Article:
Knowing and the Imagination in Uncertain Times

By Sean Blenkinsop,  professor in the faculty of education at Simon Fraser University


Last Tuesday I had the opportunity to be part of a dialogue with Andy Hargreaves where we explored ideas connected to educational leadership and the imagination.  And, thanks to all present, it was an interesting and engaging hour though we might have needed a touch more time to solve all the world’s problems. Happily, once we signed-off I still had a couple of things to mull over.  The most pertinent to this blog had to do with uncertainty. Both a recognition of its ubiquitous presence in today’s lived world – we really don’t know where this wee planet is headed – and a wondering as to how we might educate for more comfort with, and leadership during, these times of deep uncertainty.

As I was reflecting on the discussion, I felt I could hear this motif of uncertainty reverberating all the way down as it were.  There is clearly uncertainty about where the world is headed and most folks appear to feel this while responding in various, sometimes worrisome, ways (e.g. the rise of eco-anxiety and these intentional psychic moves that are being made to “not know”). It is also being responded to in hope/full, as in grass-rooted participatory, “I am/we are here” (to borrow from Lyanda Haupt) ways. Yet the response to this uncertainty appears to be calling for more than behavioural change (though that is clearly important). Underneath this layer of what is going to happen next, I could hear epistemological, axiological, ontological, and perhaps even cosmological uncertainty. And I began to wonder, what happens if we embrace these uncertainties?  Might this actually be what is needed? Maybe it is this very uncertainty that allows the imagination to come into its own.

I do worry that as leaders and educators in our striving for control we may be inhibiting the possibilities for change. That is, in acknowledging, sitting with, even embracing uncertainty, new and re-newed ways of knowing, being, finding goodness can not only be imagined but actually be supported and sustained into existence.  If change is going to happen, might it not help to find ways to release control and embrace the uncertainty, even just a wee bit? What happens if we allow space for uncertainty with regards to learning outcomes, or behaviour, or curricular content, or what is known, or what it means to be good and human?  

Take epistemology for instance. What happens to education if we accept that there are uncertainties related to the assumptions that undergird what we think knowledge is, where it is located, and how it is being held? Might we begin to imagine into a world where knowledge is shared between and amongst not just humans but also with the-more-than human?  Might we teach in schools where the Red Cedar and the Douglas Squirrel are seen as teachers and where the place and its denizens are offering gifts of ideas into a shared imaginative space that all might access?  Might we loosen the human- and expert-centred knowledge assumptions that drive much of Canadian schooling today?  And might knowledge be understood as being itself always somewhat uncertain?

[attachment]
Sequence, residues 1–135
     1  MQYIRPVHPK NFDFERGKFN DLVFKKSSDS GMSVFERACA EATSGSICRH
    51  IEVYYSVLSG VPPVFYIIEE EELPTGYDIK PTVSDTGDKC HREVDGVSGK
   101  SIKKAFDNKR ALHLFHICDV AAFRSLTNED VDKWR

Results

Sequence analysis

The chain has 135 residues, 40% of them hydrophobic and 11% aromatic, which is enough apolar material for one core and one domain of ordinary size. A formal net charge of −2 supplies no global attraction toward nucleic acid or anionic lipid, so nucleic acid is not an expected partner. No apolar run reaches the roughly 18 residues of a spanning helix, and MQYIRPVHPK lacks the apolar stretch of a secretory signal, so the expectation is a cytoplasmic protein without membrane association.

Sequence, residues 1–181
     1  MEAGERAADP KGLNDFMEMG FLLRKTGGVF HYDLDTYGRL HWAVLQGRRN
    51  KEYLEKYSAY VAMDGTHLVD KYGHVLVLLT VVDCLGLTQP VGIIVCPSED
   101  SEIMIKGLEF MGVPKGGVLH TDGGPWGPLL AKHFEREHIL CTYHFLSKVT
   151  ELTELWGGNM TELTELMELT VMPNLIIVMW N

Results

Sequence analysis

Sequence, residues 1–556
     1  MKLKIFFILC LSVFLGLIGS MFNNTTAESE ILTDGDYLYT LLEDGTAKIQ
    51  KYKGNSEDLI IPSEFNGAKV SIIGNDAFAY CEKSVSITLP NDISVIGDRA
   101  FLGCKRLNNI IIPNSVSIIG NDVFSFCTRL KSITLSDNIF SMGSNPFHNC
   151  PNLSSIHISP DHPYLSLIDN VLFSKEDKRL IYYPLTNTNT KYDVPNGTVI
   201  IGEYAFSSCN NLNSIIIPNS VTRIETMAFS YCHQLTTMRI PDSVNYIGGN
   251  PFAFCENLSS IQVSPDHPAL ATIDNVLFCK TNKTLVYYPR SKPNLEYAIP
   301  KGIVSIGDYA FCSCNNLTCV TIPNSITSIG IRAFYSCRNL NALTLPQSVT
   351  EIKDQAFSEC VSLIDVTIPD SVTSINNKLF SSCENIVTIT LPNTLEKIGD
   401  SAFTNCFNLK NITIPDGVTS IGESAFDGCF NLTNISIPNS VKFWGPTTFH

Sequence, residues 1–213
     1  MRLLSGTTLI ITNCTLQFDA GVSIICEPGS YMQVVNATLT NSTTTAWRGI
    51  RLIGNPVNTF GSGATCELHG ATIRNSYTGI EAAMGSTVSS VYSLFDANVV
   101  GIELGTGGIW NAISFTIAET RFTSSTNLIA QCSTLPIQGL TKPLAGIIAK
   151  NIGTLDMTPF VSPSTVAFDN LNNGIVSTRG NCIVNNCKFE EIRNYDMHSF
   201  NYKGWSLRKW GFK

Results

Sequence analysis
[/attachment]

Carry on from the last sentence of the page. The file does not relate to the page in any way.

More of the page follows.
I sense that in raising intriguing epistemological uncertainties we might also begin imagining into different pedagogies. Practices that include the natural world as knowledge-holder and gift sharer. Learnings that can only be held in community and probably many other things that I can’t yet imagine. Without allowing space in epistemology for uncertainty we force ourselves into what Zajonc calls an epistemology of separation while at the same time furthering the more “extractive”, colonial even, ways of knowing. Ways that only happen on human (a particular form thereof) terms. Knowledge when and how we want it with no thought given to how the tree or the nut-collector might want to be known, or not known.

Finally, I am drawn to wonder if and how the imagination challenged by acknowledgement of uncertainty might begin to expand the range of possibilities that exist for students in terms of who and how they might be and become in the world.  If part of the problem, the reason for the crises is related to a particular cultural form that is overly individualized, anthropocentric, competitive, hierarchical, too certain, then maybe, just maybe, finding ways to make that way of being uncertain will allow for other ways of being human to emerge. Ways that are less isolated and destructive.  Ways that can embrace uncertainty, expand the imagination, and release, a little, the desire for control. 


Haupt, L. (2021).  Rooted: Life at the Crossroads of Science, Nature, and Spirit. New York, NY: Little, Brown Spark.

Zajonc, A. (2006). Love and Knowledge: Recovering the Heart of Learning Through Contemplation. Teachers College Record Volume 108 (9), pp. 1742–1759.

 Hear more from our leaders in the Cultivating Imagination podcast series.

Print Friendly, PDF & Email

Leave a Reply

Your email address will not be published. Required fields are marked *